I really appreciate Tony Jones posting my question for his Questions That Haunt series. I am really looking forward to his response. Before he responds, though, I thought I would try to organize some of where I’m coming from, largely informed by the comments that have resulted from his post.
I have been thinking about these kinds of question for at least the past couple of years:
Who has the right to call him or herself a Christian? Who qualifies and who doesn’t? Who’s in and who’s out? Who gets to decide?
I’ve written about this several times, and I’ve tried to interact on a few different blogs about it. I’m honestly not looking for the – or even an – “answer.” I really like how Brian McLaren uses the phrase “question & response” rather than “question & answer.” He responded to my question as well a couple of months ago. More than anything, I think this dialogue is worth the time and effort. I, for one, think at least a few of us will come through it more willing to include a lot more people in our own understanding of who “qualifies” as a Christian.
Something that got me thinking about this initially was when Anne Rice came out and said she could no longer self-identify as a Christian. In response, Doug Pagitt said that no one has a monopoly on Christianity. I can’t remember all the details of what he said, but, for some reason, that stuck with me.
THE DECIDERS AND DEFINERS
One problem here is that there are loud voices that seek to speak for everyone who self-identifies in a certain way. For example, there are huge differences between what the Pope says about Roman Catholicism and what your average Catholic believes and does. The same goes for someone like Al Mohler with evangelicals, or the elders of the Mormon church. One way to respond to this is to simply accept whatever these loud voices Decide and Define for anyone who wants to use a word. Another approach is to push back, and find ways to redefine those words in light of new or much more complex questions.
I really have no interest in defending or redefining the words catholic, orthodox or evangelical. I will leave that to many others. But, one word that I do want to keep taking a closer look at is the word Christian. I don’t want to solely take a genealogical look at it, but rather seek to rediscover the original impetus of what the word is “getting at,” and consider its potential use(s) in our current cultural situation.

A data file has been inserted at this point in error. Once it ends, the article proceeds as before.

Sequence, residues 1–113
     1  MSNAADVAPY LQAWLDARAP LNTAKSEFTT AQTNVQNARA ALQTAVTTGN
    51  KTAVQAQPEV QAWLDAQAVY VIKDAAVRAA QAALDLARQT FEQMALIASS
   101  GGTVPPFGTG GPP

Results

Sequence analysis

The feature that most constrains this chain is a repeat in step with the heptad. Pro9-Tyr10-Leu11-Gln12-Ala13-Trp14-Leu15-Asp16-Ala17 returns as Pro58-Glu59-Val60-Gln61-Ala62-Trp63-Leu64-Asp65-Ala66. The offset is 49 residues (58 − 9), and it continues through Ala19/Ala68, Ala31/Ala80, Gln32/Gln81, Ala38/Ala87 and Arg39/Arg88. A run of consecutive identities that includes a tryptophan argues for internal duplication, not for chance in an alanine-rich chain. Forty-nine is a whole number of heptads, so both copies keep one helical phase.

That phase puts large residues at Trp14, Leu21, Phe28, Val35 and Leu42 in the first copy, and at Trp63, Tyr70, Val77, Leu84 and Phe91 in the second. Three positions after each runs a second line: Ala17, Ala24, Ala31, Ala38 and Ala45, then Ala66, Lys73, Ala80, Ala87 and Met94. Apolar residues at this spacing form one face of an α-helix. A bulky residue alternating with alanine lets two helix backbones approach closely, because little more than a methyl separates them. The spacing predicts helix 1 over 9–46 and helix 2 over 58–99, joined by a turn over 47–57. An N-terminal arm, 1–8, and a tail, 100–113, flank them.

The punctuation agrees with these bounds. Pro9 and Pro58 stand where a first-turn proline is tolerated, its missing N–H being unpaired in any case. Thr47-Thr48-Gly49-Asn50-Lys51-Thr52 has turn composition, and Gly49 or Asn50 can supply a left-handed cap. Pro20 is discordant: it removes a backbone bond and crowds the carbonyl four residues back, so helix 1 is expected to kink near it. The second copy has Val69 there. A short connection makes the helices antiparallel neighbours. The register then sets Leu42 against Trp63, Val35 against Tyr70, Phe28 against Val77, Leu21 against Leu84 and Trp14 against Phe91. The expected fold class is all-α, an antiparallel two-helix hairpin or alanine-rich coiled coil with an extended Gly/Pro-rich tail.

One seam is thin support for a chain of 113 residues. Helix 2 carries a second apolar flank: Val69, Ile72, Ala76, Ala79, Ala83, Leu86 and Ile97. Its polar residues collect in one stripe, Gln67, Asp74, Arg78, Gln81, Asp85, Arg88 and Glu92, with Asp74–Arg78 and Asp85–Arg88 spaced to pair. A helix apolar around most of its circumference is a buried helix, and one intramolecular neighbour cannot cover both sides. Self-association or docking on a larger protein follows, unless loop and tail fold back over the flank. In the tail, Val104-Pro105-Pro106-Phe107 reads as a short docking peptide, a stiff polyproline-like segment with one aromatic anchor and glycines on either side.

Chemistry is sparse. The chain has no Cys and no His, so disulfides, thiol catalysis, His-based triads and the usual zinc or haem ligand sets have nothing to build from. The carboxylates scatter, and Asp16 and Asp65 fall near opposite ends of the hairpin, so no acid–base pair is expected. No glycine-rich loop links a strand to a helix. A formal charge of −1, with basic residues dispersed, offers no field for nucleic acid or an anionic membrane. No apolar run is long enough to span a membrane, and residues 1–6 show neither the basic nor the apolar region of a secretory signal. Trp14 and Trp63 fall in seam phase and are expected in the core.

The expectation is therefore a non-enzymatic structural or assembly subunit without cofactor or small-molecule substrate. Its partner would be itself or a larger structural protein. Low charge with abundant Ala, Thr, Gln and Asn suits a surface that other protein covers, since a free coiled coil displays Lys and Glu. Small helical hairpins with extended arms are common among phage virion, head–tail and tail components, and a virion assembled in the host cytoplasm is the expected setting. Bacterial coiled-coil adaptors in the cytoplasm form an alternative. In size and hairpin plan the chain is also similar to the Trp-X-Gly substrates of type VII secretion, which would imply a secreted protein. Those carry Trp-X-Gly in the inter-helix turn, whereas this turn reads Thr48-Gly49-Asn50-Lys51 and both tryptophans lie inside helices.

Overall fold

I think the popular uses of the word Christian fall into at least three primary categories in our culture: Evangelical Christian, Orthodox Christian and (just plain) Christian. I think part of the problem is that many people use these categories without distinction – especially those who think that the category that they self-identify with is the “right” one, the only “true” one.
This is a word that I used to try to defend, but, at this point, I’m prepared to let Al Mohler and his buddies have it. Maybe it used to be a much more inclusive term, but today it just seems to be a synonym for fundamentalist. People like Roger Olson are trying really hard to recover/redeem the word, but I wonder if that’s just completely futile.
One point here is that it seems most evangelicals think that they are the only true Christians. All you have to do is spend a few minutes on a popular evangelical website or blog, or listen to one of their sermons, to pick up on this. The Catholics are wrong, the liberals are wrong, the emergent church is wrong, and on and on. It almost seems that to be an evangelical today primarily means to not be some other group (kind of like how Protestant used to mean “not Catholic”).